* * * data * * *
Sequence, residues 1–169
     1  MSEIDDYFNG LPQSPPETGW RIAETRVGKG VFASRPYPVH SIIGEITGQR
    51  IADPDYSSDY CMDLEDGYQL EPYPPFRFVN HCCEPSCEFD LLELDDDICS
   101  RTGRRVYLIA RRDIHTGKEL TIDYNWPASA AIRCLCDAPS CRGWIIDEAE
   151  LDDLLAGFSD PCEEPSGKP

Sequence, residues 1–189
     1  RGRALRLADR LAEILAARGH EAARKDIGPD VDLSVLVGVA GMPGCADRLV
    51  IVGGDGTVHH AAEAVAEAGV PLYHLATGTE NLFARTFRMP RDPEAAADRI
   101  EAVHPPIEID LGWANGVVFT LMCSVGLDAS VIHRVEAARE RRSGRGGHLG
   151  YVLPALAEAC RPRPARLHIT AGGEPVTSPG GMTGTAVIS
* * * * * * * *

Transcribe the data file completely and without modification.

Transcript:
Sequence, residues 1–169
     1  MSEIDDYFNG LPQSPPETGW RIAETRVGKG VFASRPYPVH SIIGEITGQR
    51  IADPDYSSDY CMDLEDGYQL EPYPPFRFVN HCCEPSCEFD LLELDDDICS
   101  RTGRRVYLIA RRDIHTGKEL TIDYNWPASA AIRCLCDAPS CRGWIIDEAE
   151  LDDLLAGFSD PCEEPSGKP

Sequence, residues 1–189
     1  RGRALRLADR LAEILAARGH EAARKDIGPD VDLSVLVGVA GMPGCADRLV
    51  IVGGDGTVHH AAEAVAEAGV PLYHLATGTE NLFARTFRMP RDPEAAADRI
   101  EAVHPPIEID LGWANGVVFT LMCSVGLDAS VIHRVEAARE RRSGRGGHLG
   151  YVLPALAEAC RPRPARLHIT AGGEPVTSPG GMTGTAVIS